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Nano Research

Article Title

High-performance oxygen reduction and evolution carbon catalysis: From mechanistic studies to device integration

Authors

John W. F. To, Department of Chemical Engineering, Stanford University, Stanford, CA 94305, USA
Jia Wei Desmond Ng, Department of Chemical Engineering, Stanford University, Stanford, CA 94305, USA Institute of Chemical and Engineering Sciences, Agency for Science, Technology and Research, Jurong Island 627833, Singapore
Samira Siahrostami, Department of Chemical Engineering, Stanford University, Stanford, CA 94305, USA
Ai Leen Koh, Stanford Nano Shared Facilities, Stanford University, Stanford, CA 94305, USA
Yangjin Lee, Department of Physics, Ulsan National Institute of Science and Technology (UNIST), Ulsan 689-798, Republic of Korea
Zhihua Chen, Department of Chemical Engineering, Stanford University, Stanford, CA 94305, USA
Kara D. Fong, Department of Chemical Engineering, Stanford University, Stanford, CA 94305, USA
Shucheng Chen, Department of Chemical Engineering, Stanford University, Stanford, CA 94305, USA
Jiajun He, Department of Chemical and Biological Engineering, Colorado School of Mines, Golden, CO 80401, USA
Won-Gyu Bae, Department of Chemical Engineering, Stanford University, Stanford, CA 94305, USA
Jennifer Wilcox, Department of Chemical and Biological Engineering, Colorado School of Mines, Golden, CO 80401, USA
Hu Young Jeong, UNIST Central Research Facilities (UCRF), Ulsan National Institute of Science and Technology (UNIST), Ulsan 689- 98, Republic of Korea
Kwanpyo Kim, Department of Physics, Ulsan National Institute of Science and Technology (UNIST), Ulsan 689-798, Republic of Korea
Felix Studt, SUNCAT Center for Interface Science and Catalysis SLAC National Accelerator Laboratory, 2575 Sand Hill Road, Menlo Park, CA 94025, USA Institute of Catalysis Research and Technology, Karlsruhe Institute of Technology, Hermann-von-Helmholtz Platz 1, 76344 Eggenstein-Leopoldshafen, Germany Institute for Chemical Technology and Polymer Chemistry, Karlsruhe Institute of Technology, Engesserstr. 18, 76131 Karlsruhe, Germany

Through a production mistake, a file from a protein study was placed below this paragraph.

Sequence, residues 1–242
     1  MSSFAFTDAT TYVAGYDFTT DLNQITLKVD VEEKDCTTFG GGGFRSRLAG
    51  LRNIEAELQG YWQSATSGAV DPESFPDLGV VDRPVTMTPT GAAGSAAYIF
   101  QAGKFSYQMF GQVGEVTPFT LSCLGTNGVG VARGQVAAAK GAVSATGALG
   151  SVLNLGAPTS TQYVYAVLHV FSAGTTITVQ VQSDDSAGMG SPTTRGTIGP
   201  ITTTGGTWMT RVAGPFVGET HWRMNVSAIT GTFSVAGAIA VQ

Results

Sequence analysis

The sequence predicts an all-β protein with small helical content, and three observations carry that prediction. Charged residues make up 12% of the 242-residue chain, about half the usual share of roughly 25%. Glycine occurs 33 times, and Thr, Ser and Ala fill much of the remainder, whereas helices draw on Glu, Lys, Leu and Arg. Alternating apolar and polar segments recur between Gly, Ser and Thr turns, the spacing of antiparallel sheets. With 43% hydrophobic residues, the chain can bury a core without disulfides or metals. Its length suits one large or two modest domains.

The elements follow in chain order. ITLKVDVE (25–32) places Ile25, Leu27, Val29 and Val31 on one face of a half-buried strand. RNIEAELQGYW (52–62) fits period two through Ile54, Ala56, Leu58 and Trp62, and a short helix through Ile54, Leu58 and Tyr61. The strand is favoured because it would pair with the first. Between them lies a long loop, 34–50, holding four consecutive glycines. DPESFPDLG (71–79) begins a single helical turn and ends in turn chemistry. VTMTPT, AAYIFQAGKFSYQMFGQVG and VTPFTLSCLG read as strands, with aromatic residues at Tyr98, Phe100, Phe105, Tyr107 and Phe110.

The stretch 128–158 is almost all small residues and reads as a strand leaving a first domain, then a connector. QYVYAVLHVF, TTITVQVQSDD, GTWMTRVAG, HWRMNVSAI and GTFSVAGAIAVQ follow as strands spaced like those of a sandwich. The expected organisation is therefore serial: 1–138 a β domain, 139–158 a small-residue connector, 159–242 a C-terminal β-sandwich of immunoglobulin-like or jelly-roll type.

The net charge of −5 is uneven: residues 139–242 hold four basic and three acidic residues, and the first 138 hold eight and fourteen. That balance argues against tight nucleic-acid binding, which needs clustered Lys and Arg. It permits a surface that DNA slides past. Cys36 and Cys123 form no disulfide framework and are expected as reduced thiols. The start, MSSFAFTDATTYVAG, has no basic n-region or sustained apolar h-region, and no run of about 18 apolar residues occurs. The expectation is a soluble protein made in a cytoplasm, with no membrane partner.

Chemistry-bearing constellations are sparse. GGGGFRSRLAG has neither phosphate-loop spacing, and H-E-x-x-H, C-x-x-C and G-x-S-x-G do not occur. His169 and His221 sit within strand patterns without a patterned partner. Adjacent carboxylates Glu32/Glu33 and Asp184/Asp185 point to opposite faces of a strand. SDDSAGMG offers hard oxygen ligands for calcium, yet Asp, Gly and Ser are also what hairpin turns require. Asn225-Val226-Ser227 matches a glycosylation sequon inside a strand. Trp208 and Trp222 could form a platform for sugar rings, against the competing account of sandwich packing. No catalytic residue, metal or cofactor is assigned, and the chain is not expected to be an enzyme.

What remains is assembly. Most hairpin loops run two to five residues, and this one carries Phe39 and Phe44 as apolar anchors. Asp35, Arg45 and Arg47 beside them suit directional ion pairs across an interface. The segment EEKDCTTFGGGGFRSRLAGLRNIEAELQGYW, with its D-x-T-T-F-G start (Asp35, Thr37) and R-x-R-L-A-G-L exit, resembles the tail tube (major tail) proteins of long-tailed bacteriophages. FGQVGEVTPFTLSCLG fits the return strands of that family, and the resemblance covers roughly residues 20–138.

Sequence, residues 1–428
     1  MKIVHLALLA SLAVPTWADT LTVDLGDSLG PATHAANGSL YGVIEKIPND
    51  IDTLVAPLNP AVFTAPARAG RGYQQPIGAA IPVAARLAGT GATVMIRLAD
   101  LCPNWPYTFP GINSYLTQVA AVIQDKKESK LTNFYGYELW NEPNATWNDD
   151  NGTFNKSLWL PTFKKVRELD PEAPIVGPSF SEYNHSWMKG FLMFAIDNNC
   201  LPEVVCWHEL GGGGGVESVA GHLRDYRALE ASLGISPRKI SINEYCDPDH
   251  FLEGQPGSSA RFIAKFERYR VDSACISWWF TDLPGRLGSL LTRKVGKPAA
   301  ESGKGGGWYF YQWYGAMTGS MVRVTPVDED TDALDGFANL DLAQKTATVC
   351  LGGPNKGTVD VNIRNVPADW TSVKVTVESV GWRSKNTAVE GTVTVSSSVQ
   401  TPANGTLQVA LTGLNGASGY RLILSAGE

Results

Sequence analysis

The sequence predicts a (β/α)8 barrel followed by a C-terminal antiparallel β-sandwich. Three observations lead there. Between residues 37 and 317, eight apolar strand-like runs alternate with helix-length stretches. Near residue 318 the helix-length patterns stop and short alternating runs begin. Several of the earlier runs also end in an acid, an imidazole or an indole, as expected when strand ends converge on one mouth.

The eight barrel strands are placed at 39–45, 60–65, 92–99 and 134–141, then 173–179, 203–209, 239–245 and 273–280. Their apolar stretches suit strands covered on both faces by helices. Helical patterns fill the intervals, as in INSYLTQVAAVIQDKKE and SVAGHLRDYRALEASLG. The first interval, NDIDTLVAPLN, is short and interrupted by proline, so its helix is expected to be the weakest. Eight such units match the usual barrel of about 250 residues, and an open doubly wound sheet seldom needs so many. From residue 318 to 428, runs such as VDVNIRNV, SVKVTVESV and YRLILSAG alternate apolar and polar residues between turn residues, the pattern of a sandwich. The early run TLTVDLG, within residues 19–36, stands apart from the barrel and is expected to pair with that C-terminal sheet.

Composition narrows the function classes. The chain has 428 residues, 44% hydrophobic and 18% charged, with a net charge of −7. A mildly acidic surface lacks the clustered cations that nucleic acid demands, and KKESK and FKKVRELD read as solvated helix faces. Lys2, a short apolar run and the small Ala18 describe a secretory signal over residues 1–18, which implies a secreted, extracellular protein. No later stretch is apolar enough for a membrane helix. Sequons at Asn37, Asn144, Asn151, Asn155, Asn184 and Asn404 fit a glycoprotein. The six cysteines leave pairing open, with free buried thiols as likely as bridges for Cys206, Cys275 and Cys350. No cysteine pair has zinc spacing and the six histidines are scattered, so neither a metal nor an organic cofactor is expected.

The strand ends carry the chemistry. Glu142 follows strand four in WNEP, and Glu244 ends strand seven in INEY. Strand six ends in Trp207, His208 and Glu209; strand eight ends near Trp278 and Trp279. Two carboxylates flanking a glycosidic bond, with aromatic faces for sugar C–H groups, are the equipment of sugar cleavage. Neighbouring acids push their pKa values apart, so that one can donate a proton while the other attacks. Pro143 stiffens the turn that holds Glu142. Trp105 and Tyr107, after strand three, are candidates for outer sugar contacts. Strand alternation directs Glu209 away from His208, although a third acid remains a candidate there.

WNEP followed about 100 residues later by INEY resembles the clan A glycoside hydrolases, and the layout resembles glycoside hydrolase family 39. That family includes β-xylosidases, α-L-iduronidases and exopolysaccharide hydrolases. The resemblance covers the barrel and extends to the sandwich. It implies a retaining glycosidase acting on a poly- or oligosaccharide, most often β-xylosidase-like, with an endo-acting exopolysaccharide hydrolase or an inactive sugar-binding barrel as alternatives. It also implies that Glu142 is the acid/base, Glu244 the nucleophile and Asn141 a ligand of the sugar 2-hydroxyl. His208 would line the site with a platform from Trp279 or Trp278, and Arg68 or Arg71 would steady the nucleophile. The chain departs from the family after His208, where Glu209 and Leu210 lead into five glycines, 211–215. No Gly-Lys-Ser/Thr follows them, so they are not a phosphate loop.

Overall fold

Jens K. Nrskov, Department of Chemical Engineering, Stanford University, Stanford, CA 94305, USA SUNCAT Center for Interface Science and Catalysis SLAC National Accelerator Laboratory, 2575 Sand Hill Road, Menlo Park, CA 94025, USA
Thomas F. Jaramillo, Department of Chemical Engineering, Stanford University, Stanford, CA 94305, USA
Zhenan Bao, Department of Chemical Engineering, Stanford University, Stanford, CA 94305, USA

Keywords

electrocatalysis, porous carbon, density functional theory

Abstract

ABSTRACT The development of high-performance and low-cost oxygen reduction and evolution catalysts that can be easily integrated into existing devices is crucial for the wide deployment of energy storage systems that utilize O2-H2O chemistries, such as regenerative fuel cells and metal-air batteries. Herein, we report an NH3-activated N-doped hierarchical carbon (NHC) catalyst synthesized via a scalable route, and demonstrate its device integration. The NHC catalyst exhibited good performance for both the oxygen reduction reaction (ORR) and the oxygen evolution reaction (OER), as demonstrated by means of electrochemical studies and evaluation when integrated into the oxygen electrode of a regenerative fuel cell. The activities observed for both the ORR and the OER were comparable to those achieved by state-of-the-art Pt and Ir catalysts in alkaline environments. We have further identified the critical role of carbon defects as active sites for electrochemical activity through density functional theory calculations and high-resolution TEM visualization. This work highlights the potential of NHC to replace commercial precious metals in regenerative fuel cells and possibly metal-air batteries for cost-effective storage of intermittent renewable energy.

Graphical Abstract

Publisher

Tsinghua University Press

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